The Federation of Kenya Employers has warned of more job losses as a result of the implementation of the Finance Act, 2023.
In a statement Friday evening, the federation said the Finance Act, 2023 has made the cost of doing business unsustainable by negatively impacting cash flows for many enterprises thereby impacting payrolls.
The federation said preliminary survey shows that 70,000 Kenyans have lost jobs over the last one year and more are at risk of losing their employment as employers consider more job cuts.
“It (the survey) shows that between October 2022 and November 2023, we have lost 3 per cent (70,000) of the jobs in the formal private sector and 40 per cent of employers have reported that they are planning to reduce the number of employees to meet the increasing costs of operating in Kenya. We will be launching the full survey report on Jobs Trends in the month of December 2023,” FKE said in the statement.
The statement came after a management board meeting called to evaluate the state of doing business in the country.
The board noted that he weakening shilling has worsened the situation and adversely affected businesses that rely on imports.
The Federation observed that the Kenya shilling lost 21 per cent of its value over the past one year for the period ending November 22, 2023.
“The exchange rate of Kenya shilling against the USD has hit a high of 152.45compared to 121.05 at the same time in 2022.”
In the statement signed by FKE President Habil Olaka and CEO Jacqueline Mugo, the Federation said besides the weak shilling, companies are still reeling from the aftereffects of the Covid-19 pandemic and many are yet to regain the financial muscle.
“The employment state is still very fragile. We are not yet back on track since COVID-19. Every day we receive notifications from employers on their intent to declare redundancy,” they said.
The Federation noted that the sorry state of affairs are being exacerbated by the increase in business costs largely driven by tax measures, global geopolitical developments and climate change.
The employers’ body said whereas the country may not do much about the geopolitical developments like the Russia-Ukraine conflict, it’s within its power to review ax measures that high adverse impact on individuals and businesses.
The Federation said the key taxes that need to be reviewed are VAT on petrol, PAYE and Corporate tax whose impact has greatly reduced the purchasing power of citizens and the cashflow in enterprises.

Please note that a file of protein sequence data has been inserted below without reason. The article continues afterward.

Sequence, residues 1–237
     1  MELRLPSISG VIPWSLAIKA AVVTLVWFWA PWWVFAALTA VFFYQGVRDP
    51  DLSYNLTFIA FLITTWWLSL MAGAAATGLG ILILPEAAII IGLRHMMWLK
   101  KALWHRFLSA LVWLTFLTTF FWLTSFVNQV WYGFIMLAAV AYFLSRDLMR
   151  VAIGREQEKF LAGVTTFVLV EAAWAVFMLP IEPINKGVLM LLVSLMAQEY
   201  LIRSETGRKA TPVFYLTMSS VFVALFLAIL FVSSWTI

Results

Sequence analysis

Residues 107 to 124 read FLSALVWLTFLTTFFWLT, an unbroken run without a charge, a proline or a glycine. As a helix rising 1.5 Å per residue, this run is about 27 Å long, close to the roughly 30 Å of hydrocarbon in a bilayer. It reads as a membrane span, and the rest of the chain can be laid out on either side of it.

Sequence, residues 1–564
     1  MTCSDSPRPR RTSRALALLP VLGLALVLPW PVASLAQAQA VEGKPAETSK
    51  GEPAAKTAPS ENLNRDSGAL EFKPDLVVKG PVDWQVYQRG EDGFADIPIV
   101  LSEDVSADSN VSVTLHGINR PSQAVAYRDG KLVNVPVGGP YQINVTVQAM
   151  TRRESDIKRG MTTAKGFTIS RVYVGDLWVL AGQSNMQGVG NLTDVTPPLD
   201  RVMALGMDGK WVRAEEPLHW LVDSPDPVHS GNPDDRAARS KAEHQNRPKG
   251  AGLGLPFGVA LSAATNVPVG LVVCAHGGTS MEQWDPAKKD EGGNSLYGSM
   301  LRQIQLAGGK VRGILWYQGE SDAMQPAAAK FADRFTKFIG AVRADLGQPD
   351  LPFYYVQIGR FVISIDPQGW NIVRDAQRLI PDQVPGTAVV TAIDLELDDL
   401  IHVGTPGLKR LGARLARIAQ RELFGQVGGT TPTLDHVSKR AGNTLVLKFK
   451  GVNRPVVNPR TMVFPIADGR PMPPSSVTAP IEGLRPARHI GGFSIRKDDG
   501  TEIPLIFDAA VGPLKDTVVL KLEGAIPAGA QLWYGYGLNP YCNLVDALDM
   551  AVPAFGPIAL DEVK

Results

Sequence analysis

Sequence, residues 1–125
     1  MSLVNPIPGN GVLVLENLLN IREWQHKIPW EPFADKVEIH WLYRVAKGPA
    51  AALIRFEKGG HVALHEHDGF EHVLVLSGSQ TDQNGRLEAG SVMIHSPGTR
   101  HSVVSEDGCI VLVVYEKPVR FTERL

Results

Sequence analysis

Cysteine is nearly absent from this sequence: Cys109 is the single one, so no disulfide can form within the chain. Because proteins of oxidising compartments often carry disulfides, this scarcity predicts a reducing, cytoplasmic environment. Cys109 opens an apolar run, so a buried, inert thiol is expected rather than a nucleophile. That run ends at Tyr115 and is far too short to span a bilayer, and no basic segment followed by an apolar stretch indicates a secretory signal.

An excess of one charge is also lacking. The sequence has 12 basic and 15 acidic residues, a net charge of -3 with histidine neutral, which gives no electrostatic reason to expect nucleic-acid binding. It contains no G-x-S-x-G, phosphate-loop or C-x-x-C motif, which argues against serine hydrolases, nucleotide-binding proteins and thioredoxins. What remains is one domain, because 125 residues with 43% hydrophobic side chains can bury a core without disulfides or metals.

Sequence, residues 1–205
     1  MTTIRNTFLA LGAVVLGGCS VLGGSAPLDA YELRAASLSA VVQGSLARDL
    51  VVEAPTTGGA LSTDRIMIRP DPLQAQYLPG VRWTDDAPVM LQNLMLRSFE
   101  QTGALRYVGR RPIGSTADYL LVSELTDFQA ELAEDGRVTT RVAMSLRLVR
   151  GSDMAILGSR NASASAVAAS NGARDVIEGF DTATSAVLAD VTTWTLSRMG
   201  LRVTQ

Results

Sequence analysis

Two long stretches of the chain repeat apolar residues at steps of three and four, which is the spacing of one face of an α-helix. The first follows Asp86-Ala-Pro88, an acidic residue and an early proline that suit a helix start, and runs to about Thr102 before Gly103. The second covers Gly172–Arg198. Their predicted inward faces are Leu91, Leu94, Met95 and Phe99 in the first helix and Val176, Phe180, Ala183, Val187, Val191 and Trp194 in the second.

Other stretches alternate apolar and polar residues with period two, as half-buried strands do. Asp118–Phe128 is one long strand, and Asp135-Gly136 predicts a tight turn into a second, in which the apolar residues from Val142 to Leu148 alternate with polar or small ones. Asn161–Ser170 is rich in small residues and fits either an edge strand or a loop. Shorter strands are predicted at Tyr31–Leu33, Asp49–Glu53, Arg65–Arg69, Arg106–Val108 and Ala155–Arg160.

“We propose that the VAT on petrol revert to 8 per cent as it was before the enactment of the Finance Act 2023. The increase in VAT on petrol has a regressive effect on the economy,” FKE said.
“We also appeal to policymakers to consider reducing the PAYE to a maximum of 25 per cent. This is because food inflation remains the highest contributor to the cost of living.”
The enactment of the Finance Act, 2023 introduced a raft of tax measures in what the Kenya Kwanza government said was to expand the tax base to increase revenue base and save the country from over reliance on loans.
Other than the doubling of VAT on fuel from 8 to 16 per cent, the new Act required Kenyans to make a monthly contribution of 1.5 per cent of their gross pay towards the affordable housing programme.
To reverse the negative effects of the new taxes on the cost of doing business, FKE proposed that the government reviews the taxation model and caps the amount at Sh5,000 as was initially proposed.
The Federation also called for a review of the corporate tax to the previous 25 per cent from 30 per cent to help attract investors and help corporates plough the money back into their businesses and create more employment.
“The additional investment will result into more tax revenue. In addition, we seek the removal of the minimum turnover tax. This tax is going to exacerbate informality and destroy microbusinesses that employ 84 per cent of wage employees in Kenya.
“Businesses are closing down, and we are seeing employees increasingly becoming working poor.”
Source: The star